7. Ineffective Marketing - One of my favorite TED Talks was none other than How Leaders Inspire Action by Simon Sinek. Let’s face it, business owners need to see action to stay afloat and marketing inspires just that, if it is done well. Simon teaches us that speaking from our WHY is the critical piece to a catalytic movement of getting a message across and enthusiastically motivate people to drive your vision forward. Keep the 3 C’s in mind when sharing your message: Concise, Clear, and Consistent. That is marketing 101 at it’s best. Think about it. If you had your elevator speech prepared today what would it sound like? Would you want what you have? If the answer is no, go back to the drawing board.
8. Failing to Rectify Mistakes - My mantra, “Fail Forward.” As a parent I have encouraged my children that when they fail they can learn from their mistakes. Those are the best mistakes to make. It is inevitable to fail in business and how we handle those failures will often determine the success of the future. Light bulb moment! Aha! No, seriously, Thomas Edison failed at so many of his inventions that today we should all be so grateful that we have light bulbs and electricity to enjoy at the flip of a switch because he kept failing until he got it right. He is quoted, “I have not failed, I have just found 10,000 ways that won’t work.” Finally, I would be remiss if I did not share another of Thomas’s sentiments, “Many of life's failures are people who did not realize how close they were to success when they gave up.” I encourage you to fail and I also recommend that you take time to analyze changes that need to be made before proceeding forward. In fact, I make it a practice to take account of the vision and goals set forth annually and adjust as needed.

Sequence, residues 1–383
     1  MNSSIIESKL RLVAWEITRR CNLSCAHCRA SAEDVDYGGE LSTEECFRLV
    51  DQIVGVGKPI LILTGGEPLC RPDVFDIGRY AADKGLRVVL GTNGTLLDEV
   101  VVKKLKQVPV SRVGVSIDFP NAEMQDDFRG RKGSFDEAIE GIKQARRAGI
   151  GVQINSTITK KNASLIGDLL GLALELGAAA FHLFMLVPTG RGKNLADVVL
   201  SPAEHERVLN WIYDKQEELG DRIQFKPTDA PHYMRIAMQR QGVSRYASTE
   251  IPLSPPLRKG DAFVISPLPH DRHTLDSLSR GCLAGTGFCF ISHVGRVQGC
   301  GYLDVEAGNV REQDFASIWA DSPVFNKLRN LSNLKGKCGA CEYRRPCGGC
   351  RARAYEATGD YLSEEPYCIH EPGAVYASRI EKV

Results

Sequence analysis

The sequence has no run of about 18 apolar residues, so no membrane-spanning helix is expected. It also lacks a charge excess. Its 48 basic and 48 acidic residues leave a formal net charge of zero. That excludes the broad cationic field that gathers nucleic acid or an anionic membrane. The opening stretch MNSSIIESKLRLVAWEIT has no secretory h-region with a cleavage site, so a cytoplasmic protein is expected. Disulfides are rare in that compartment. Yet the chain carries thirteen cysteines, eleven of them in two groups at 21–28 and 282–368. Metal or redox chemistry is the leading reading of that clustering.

9. Refusing to Delegate - There is so much power in delegation yet so often this is where leaders fail to see the art and science of success. It befuddles me beyond belief that leaders hire a team and don’t trust them enough to take the lead on something. Steve Jobs is admired by his outside the box thinking and successes. He shared, “If you want to hire great people and have them stay working for you, you have to let them make decisions and you have to be run by ideas, not hierarchy. The best ideas have to win, otherwise, good people don’t stay.”
10. Time Management - My husband has a favorite quote he shares with teams he coaches, “failure to prepare is preparing to fail.” And he is so right. I am a planner by nature, but I was not always good at it. It only took a couple of missed details that lead me to realize how much I hated to fail in this area. As a business owner, I do as much advanced preparing as possible. In fact, my 12 month calendar is pretty much in shape with only minor details missing. As I get closer to activities and events I begin to hone in on assembling a solid plan of action.
So whether you a building the perfect cake tower or your dream business, get all the ingredients together, in the right order, and bake for perfection. Follow the recipe and your chances are greater to succeed beautifully.
About HLA Consulting
HLA Consulting, located in Huntsville, AL home to NASA and the US Space & Rocket Center, provides high-level strategic communications, public affairs and marketing services to local and national highly recognized firms and organizations. The HLA team takes pride in making businesses great by building a strong reputation, raising awareness and expanding their constituency.
*Citation: Georgia McIntyre what-percentage-of-small-businesses-fail